Women and Law Review: A Stepping Stone to Leadership?
By Maura Reilly
This past year, Cornell University Law Review became the first in the country to elect an all-female executive board. This historic executive board comes a century after May Conlon Alger, Cornell Law School class of 1920, was elected the first woman editor-in-chief of a Law Review. While Cornell may be leading the pack, they are by no means alone, in the 2019–2020 academic year, the number of women leading Law Reviews has grown exponentially. All of the Law Reviews in the Top 16 U.S. law schools have women editors-in-chief, and of the Top 50 law schools, women hold 38 of the editor-in-chief positions, roughly 76 percent.
This number is a stark change and welcome improvement from findings in the 2012 Ms. JD report on the Top 50 law schools and the gender make-up of their Law Reviews. In the 2011–2012 academic year women received 47.3 percent of the law degrees, made up 42.45 percent of Law Review members, but only held 28.6 percent of the editor-in-chief positions. The uptick in women leaders of Law Review is essential due to the import placed on Law Reviews when it comes to resumes and job prospects following law school.
Unfortunately, while law schools and reviews are reaching gender parity, the same cannot be said of the field of law overall. The number of men and women starting out in the profession are roughly even, in 2018, women held 48 percent of Summer Associate positions, and 45 percent of First-year Associate positions; but the top levels of leadership lack gender parity. The American Bar Association’s report on women in law found women only made up 22 percent of partners and 19 percent of equity partners. Similarly, women remain severely underrepresented in the Judiciary, making up 59 of the 160 active judges on the Circuit Court of Appeals (36.8 percent), 194 of the 570 active Federal District Court Judges (34 percent), and three of the nine Supreme Court Justices (33 percent). Gender parity is not the only problem facing the judiciary, judicial appointments remain largely white and male, as of August 2019, 80 percent of all sitting judges on the federal bench were white, and 73 percent were male.
Despite common misconceptions, the legal profession and judiciary do not have a pipeline problem, women enter the field at the same rates as men but leave at higher rates because of gendered roadblocks including lack of comprehensive maternity/family leave policies and the gender pay gap. To increase the number of women leaders in the industry, the field can look to the Top 16 Law Reviews, which have made concerted efforts in the past years to self-reflect and increase their efforts to encourage women and other underrepresented students to run for leadership positions.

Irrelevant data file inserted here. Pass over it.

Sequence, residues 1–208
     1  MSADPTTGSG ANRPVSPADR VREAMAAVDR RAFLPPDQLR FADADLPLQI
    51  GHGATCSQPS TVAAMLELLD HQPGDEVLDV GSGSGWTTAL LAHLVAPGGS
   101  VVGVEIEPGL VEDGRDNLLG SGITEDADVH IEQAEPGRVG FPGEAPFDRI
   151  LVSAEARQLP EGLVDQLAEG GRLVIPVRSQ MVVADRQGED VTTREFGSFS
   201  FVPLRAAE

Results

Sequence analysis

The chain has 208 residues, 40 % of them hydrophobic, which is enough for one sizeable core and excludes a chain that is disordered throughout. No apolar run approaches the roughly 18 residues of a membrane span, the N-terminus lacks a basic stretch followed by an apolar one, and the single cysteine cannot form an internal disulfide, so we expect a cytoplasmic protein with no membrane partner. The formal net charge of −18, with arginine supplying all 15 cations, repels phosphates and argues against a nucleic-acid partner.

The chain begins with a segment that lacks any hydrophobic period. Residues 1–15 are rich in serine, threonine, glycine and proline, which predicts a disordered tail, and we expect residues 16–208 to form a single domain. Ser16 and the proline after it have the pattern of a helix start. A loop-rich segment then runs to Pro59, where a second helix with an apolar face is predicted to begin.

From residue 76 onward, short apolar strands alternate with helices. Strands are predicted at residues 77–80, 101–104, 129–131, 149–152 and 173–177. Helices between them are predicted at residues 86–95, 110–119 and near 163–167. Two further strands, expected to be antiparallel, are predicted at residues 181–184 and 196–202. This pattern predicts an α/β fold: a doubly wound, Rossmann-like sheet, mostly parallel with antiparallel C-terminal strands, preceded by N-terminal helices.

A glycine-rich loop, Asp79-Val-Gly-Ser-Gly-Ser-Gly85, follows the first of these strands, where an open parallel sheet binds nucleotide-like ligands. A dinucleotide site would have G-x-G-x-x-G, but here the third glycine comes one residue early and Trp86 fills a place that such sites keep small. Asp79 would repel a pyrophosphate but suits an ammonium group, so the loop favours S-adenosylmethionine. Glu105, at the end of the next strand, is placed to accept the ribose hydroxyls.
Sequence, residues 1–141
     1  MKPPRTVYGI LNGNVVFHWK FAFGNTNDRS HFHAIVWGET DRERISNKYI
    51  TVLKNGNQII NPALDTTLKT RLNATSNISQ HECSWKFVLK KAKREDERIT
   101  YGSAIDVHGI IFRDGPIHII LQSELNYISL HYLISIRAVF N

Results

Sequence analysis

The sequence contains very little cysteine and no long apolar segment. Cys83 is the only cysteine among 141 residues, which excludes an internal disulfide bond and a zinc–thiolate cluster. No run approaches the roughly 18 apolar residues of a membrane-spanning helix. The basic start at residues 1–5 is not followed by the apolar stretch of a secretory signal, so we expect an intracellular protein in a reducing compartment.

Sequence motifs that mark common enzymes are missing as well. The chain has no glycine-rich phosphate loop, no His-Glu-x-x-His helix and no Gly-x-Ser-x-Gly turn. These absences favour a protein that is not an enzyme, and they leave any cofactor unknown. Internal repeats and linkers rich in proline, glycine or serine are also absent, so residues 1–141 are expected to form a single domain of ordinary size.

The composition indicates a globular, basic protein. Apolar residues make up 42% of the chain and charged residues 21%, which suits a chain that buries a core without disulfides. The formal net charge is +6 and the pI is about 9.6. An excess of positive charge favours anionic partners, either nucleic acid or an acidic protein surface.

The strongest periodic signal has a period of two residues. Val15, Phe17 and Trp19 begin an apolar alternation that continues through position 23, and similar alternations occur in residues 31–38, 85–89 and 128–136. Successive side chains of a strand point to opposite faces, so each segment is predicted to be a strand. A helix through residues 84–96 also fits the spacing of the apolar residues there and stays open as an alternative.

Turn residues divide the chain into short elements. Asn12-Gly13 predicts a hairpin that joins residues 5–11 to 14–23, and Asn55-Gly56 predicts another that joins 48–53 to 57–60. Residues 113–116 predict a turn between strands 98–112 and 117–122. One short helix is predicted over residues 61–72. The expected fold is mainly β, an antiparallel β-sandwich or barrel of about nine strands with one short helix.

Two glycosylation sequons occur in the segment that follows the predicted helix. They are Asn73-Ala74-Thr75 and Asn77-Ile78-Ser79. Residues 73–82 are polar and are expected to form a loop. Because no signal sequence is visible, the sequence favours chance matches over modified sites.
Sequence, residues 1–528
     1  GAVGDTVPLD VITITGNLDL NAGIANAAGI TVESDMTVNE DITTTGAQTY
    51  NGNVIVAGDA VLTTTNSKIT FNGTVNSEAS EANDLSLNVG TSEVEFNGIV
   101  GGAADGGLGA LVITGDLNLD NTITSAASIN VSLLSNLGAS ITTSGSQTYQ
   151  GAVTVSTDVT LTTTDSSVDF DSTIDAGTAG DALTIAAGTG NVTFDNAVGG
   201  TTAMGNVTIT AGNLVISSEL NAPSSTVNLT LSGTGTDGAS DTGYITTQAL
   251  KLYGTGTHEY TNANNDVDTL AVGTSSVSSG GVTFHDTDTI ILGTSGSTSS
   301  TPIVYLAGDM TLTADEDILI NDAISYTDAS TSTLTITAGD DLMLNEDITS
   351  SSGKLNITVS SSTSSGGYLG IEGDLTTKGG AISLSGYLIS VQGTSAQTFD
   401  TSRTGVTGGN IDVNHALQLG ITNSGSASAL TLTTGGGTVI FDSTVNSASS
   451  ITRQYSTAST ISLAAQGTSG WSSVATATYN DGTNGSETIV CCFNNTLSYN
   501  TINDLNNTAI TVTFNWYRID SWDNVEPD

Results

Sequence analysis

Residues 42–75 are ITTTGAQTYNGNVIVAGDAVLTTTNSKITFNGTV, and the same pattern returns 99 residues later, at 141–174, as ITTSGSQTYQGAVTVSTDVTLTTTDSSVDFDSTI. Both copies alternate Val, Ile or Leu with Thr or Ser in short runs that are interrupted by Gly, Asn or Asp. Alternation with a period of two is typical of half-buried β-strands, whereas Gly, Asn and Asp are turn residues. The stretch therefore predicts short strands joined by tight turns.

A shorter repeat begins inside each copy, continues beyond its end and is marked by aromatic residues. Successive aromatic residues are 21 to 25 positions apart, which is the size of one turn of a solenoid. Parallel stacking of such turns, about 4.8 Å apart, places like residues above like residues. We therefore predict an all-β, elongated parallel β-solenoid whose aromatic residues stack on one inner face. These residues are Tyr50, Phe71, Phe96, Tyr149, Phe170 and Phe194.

Correcting the lack of women in the legal profession requires sustained and committed effort to correct the inherent gender biases and gendered road-blocks which prevent women from reaching the top levels of leadership. And the increasing number of women leading Law Reviews is an important step, Eduardo M. Peñalver, Dean of the Cornell Law School, said on the topic, “the editorial boards of these publications are the gatekeepers of coveted intellectual real estate that makes or breaks the careers of young legal scholars.”
When the gatekeepers are diverse, in terms of religion, ethnicity, gender and socio-economic background, the publications and works published become more diverse, and when the gatekeepers remain largely white and male, so too does the publication and the opinions published. Editorial positions on law reviews are an important stepping stone on the path to leadership in the legal field, all four of the women Supreme Court Justices served as editors on their Law Reviews. Additionally, the publications remain an important avenue for normalizing women in leadership at an early stage in the field; but, for sustained gender parity the culture of the field must change to allow women and people of color the opportunities readily given to men.
Maura is a RepresentWomen Research Fellow from the Washington, D.C. area. She graduated from the University of St. Andrews in Scotland this past spring with an honors degree in Social Anthropology.